Argentina, Brazil take aim at EU's trade deal conditions

Argentina, Brazil take aim at EU's trade deal conditions

Argentina, Brazil take aim at EUs trade deal conditions

Argentina and Brazil, South America's largest economies, took aim at an "unacceptable" EU stance in negotiations with the Mercosur bloc for a free trade deal long delayed due to stated European environmental concerns.

Mercosur countries Argentina, Brazil, Paraguay and Uruguay reached an agreement in principle with the 27-member European Union in 2019 after two decades of tough negotiations.

The EU has since proposed a "side letter" to the agreement with extra environmental requirements, rankling South American leaders who suspect protectionism was at work.

At a two-day summit in Puerto Iguazu, Argentina, Mercosur leaders hit back.

The latest proposal, said Brazil's Luiz Inacio Lula da Silva, "is unacceptable."

"Strategic partners do not negotiate on the basis of distrust and the threat of sanctions," he told the meeting.

"We are not interested in agreements that condemn us to forever be exporters of raw materials, mineral products and oil."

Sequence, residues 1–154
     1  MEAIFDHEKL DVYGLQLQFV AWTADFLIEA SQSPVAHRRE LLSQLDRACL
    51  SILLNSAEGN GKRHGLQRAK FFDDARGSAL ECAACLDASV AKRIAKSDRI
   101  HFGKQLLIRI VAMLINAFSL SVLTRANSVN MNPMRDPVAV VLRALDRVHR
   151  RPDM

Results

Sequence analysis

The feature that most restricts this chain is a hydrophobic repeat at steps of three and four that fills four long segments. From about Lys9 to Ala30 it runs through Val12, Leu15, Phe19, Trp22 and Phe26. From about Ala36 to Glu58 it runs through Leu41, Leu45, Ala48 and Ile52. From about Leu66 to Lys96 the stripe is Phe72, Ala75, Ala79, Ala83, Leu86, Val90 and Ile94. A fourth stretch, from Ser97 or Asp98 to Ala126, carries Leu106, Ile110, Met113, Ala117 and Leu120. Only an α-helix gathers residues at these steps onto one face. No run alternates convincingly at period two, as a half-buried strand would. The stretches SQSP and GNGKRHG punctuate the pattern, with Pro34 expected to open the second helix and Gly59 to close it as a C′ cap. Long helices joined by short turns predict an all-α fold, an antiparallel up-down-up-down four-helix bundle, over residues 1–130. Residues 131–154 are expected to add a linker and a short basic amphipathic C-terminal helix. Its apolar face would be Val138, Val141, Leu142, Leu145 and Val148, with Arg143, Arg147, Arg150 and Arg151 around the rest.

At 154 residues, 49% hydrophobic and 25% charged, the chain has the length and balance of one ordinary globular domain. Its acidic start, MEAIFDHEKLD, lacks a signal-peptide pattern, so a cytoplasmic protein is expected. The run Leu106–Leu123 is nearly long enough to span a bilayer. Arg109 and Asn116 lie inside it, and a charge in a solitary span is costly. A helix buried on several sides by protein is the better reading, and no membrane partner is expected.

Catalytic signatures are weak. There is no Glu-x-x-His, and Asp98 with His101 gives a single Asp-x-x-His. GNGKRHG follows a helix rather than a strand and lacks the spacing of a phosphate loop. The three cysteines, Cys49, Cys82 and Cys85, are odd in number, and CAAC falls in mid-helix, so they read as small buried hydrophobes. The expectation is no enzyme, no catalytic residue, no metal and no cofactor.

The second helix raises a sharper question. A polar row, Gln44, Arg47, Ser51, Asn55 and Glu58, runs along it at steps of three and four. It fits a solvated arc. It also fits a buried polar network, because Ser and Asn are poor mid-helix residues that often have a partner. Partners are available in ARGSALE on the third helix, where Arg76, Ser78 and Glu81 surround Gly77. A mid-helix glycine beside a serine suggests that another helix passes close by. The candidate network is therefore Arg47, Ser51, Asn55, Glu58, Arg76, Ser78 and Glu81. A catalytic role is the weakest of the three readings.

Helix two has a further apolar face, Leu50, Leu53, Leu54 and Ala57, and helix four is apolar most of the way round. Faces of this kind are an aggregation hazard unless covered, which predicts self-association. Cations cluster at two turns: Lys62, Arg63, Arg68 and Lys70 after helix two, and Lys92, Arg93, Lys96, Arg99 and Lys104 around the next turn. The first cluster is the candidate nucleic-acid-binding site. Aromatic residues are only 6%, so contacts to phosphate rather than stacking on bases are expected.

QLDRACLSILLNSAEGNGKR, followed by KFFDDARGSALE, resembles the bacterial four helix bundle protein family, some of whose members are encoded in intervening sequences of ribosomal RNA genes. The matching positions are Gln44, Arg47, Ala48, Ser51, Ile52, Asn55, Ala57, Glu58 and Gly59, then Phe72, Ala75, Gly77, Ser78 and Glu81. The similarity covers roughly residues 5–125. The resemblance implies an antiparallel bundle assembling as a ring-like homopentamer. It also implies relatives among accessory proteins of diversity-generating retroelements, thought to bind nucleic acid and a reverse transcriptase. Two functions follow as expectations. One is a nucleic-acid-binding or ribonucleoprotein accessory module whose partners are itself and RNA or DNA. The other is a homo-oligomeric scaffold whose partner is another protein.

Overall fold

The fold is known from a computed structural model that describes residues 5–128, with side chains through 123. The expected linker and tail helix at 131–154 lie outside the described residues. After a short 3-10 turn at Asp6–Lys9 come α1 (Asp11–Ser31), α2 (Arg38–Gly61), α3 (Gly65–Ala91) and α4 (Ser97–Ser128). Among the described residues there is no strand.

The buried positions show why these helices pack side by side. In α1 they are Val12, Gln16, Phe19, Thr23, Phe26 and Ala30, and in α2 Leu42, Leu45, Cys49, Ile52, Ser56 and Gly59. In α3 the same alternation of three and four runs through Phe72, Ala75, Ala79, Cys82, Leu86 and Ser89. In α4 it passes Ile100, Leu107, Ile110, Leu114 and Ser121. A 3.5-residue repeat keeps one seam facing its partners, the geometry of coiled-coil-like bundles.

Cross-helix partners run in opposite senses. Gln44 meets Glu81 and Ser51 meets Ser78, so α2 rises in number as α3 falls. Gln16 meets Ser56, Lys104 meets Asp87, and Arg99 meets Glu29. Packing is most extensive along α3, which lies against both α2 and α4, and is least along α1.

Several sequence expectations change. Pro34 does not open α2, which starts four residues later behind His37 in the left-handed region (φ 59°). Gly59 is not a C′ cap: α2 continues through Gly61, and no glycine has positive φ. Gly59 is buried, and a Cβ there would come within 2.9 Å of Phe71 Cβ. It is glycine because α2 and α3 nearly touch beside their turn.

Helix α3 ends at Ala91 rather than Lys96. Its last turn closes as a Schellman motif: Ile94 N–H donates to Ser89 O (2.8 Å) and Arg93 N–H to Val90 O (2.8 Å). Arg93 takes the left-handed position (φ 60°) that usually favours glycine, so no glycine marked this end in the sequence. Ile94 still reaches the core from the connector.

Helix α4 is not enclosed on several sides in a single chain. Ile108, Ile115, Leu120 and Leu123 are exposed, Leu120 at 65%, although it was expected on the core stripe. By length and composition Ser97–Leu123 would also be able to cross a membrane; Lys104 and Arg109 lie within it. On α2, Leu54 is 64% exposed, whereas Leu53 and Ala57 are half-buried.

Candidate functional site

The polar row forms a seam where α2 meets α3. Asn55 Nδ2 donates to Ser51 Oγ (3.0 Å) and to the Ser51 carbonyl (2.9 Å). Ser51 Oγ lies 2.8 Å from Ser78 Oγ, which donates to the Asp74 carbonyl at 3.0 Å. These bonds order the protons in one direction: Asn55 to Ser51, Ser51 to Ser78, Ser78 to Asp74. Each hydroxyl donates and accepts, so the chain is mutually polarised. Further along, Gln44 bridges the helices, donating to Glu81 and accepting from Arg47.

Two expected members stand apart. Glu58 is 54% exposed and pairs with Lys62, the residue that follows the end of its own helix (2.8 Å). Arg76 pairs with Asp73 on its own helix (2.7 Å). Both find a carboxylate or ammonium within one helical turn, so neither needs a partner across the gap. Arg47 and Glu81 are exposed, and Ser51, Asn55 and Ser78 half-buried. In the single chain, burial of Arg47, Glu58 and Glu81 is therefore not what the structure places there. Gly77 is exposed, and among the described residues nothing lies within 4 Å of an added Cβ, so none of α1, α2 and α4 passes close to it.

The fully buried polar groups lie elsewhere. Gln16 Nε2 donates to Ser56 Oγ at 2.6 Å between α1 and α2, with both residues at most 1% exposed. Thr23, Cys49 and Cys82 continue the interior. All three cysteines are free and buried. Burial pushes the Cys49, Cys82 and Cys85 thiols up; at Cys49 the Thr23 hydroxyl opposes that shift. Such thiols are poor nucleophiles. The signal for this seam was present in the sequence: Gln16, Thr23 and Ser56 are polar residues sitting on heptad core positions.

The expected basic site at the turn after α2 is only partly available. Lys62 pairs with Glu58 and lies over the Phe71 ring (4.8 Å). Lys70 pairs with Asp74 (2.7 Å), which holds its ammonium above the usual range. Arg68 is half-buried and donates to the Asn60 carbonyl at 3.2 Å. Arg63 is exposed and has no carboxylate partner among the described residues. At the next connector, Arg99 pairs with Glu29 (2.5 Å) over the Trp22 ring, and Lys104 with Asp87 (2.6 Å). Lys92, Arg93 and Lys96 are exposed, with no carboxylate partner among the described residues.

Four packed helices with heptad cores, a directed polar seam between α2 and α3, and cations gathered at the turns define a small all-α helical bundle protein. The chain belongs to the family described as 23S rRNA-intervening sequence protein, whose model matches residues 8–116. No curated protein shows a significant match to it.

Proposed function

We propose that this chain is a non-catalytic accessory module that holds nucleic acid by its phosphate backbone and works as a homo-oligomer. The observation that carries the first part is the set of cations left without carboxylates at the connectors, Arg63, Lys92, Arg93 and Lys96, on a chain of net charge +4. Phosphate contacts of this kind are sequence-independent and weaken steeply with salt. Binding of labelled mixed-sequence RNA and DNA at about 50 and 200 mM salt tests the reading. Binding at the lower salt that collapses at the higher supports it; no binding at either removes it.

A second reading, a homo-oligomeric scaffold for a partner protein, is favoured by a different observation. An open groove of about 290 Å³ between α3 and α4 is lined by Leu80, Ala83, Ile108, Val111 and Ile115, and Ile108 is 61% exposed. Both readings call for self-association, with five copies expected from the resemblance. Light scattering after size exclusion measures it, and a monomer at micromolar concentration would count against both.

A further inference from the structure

Argentine president Alberto Fernandez echoed this point, saying: "No one can condemn us to be suppliers of the raw materials that others industrialize and then sell to us at exorbitant prices."

The grouping, founded in 1991, represents 62 percent of South America's population and 67 percent of the continent's gross domestic product.

Its trade deal with the EU became held up under the 2019-2022 presidency of Lula's far-right predecessor Jair Bolsonaro, on whose watch Amazon deforestation surged.

While veteran leftist Lula has cast himself as the anti-Bolsonaro on environmental policy, he told European Commission head Ursula von der Leyen in June he had concerns over the additional environmental guarantees.

"No one in the world has the moral authority to discuss with us the issue of clean energy," Lula said in an interview with Brazilian public television shortly before the Tuesday's meeting.

Lula said his government was preparing a counter-proposal to take to Brussels, hosting a summit of the EU and the Community of Latin American and Caribbean States (CELAC) on July 17 and 18.